I’m halfway through the process of becoming free of medication specifically to treat manic depression/bipolar disorder and it’s interesting to say the least.
After 20+ of instability and medication regimes so overwhelming (33 pills a day at one point) and distressing I decided this year to try to stop taking medication. I will still take medication periodically specifically to treat anxiety as it can fuel mania and also pills for insomnia as that drives me to hallucinations at times but none specifically to treat bipolar disorder.
I went through a Work Capability Assessment (WCA) this year and, without a face to face assessment, was put into the support group for Employment Support Allowance (ESA). This now gives me the time and energy that I’ve wasted fretting about what would happen if I had to fight my corner to work on self-management of bipolar disorder. I have, for the first time in my life, time I can devote to me and me alone.
Part of this time and energy is spent baking which is both therapeutic and money saving. It doesn’t always get done as, well managed or not, bipolar disorder will always steal far more of my life than I am willing for it to take. I can sit around in my pyjamas and edit photos all day if I want (or need) to and I can sleep without waking up in a panicky state just in case I’m told I’m well enough to return to work.
I’m doing well so far but recently I’ve been rapid cycling and I was worried that it was the result of reducing the medication I take. I’d been through nightmares as a symptom of the withdrawal, deep exhaustion as my brain freed itself from the drug and I was more than a little worried that those experiences would all be for nothing. Becoming medication free is the holy grail and I am close to touching it so I knew I had to talk to my GP about it and take note of what he said even if it was an instruction to increase the dosage of the drug I was trying to give up.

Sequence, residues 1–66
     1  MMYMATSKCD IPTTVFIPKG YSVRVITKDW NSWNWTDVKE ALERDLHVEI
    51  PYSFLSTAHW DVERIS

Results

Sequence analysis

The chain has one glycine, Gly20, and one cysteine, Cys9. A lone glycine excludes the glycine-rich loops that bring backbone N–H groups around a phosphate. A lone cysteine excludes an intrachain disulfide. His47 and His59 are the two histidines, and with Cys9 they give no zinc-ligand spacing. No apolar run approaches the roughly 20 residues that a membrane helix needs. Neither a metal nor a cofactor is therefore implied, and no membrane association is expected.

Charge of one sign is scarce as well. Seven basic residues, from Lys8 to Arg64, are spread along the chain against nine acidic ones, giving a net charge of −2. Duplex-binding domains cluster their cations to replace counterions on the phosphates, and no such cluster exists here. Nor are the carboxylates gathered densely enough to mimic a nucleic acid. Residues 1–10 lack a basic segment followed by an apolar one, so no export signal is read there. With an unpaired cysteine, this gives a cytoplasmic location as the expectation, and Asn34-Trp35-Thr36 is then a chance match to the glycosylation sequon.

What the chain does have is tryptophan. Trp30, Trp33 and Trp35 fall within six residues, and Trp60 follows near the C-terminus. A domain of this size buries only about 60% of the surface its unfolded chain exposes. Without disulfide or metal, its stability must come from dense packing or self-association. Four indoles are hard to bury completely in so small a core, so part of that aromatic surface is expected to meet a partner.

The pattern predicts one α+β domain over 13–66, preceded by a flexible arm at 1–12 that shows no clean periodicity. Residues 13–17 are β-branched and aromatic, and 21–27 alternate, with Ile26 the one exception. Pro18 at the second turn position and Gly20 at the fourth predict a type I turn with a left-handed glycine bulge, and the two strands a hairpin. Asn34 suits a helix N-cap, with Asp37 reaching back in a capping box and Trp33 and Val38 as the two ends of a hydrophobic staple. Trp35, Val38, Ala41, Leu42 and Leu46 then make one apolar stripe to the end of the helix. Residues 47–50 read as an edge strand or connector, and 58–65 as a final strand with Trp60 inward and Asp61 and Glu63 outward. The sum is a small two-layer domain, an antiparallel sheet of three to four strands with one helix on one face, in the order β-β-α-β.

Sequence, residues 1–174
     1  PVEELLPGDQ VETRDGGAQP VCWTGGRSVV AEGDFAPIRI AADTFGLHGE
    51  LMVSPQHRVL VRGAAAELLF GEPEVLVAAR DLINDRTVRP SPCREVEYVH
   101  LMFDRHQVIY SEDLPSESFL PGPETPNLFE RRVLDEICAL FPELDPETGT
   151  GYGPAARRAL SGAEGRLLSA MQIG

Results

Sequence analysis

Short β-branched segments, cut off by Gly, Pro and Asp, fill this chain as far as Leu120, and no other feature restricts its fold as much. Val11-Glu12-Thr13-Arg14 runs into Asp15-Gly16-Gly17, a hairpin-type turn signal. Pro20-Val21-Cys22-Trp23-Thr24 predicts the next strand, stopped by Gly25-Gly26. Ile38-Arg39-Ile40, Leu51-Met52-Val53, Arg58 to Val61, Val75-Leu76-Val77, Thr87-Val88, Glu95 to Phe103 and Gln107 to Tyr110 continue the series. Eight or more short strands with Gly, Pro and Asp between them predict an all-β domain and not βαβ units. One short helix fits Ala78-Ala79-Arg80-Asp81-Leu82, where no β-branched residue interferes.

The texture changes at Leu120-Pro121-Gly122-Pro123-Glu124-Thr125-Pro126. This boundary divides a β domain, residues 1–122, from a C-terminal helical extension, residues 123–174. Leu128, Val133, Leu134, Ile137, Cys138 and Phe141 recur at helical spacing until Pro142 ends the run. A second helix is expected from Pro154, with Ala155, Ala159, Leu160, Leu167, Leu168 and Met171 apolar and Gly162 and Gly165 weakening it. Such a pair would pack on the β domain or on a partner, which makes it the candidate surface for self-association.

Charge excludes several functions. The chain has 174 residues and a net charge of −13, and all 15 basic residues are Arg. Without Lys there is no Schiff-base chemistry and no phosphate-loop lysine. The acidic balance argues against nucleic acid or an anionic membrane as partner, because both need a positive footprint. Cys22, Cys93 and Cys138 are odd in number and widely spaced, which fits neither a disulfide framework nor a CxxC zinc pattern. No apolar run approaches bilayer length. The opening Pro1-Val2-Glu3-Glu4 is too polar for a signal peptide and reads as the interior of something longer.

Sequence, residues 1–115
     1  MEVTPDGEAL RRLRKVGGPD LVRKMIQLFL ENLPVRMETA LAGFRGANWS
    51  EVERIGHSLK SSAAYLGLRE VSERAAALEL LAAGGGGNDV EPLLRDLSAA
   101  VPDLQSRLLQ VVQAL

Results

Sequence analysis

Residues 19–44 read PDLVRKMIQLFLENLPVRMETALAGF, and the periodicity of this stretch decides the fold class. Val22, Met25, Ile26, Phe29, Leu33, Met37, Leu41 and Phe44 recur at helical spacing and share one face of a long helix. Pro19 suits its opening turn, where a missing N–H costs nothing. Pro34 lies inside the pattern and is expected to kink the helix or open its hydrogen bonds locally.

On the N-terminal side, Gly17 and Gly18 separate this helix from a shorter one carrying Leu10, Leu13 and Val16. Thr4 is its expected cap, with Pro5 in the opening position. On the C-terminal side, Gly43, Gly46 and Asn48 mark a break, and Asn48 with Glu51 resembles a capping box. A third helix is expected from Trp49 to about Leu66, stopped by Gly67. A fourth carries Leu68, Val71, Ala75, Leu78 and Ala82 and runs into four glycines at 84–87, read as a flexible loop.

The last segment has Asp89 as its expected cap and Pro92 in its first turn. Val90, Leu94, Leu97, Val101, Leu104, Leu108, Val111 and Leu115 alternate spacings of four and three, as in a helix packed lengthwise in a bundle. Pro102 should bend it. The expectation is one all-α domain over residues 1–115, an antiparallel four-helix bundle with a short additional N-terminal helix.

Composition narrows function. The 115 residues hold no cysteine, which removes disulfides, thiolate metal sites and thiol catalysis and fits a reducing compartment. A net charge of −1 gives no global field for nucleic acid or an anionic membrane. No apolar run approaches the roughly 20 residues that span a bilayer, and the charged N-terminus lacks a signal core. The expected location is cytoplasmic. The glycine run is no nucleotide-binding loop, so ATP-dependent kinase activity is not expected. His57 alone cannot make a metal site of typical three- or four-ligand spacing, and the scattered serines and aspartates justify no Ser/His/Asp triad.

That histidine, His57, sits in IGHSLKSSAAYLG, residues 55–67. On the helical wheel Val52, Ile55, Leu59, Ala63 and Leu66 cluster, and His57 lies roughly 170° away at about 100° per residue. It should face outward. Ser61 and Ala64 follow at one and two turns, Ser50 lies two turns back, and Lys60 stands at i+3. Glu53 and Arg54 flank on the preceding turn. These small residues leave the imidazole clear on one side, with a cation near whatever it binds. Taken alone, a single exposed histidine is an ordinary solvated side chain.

A long talk with him yesterday has put my mind at ease and all is back on track. The rapid cycling isn’t considered out of my normal range. I’m still able to assess my behaviour and respond accordingly and I’m aware of what is right and what is wrong. My big warning sign is irritability and it can often be out of control but I am able to rein it in at least a little so on I go.
I am not cured and I still live with the effects of a deeply destructive illness. I may become medication free but I cannot reasonably expect that to continue for my lifetime. I have time, energy and space to self-manage but I am still a very sick pigeon and there is no cure but I’m going to be a sick pigeon without medication and that makes me smile.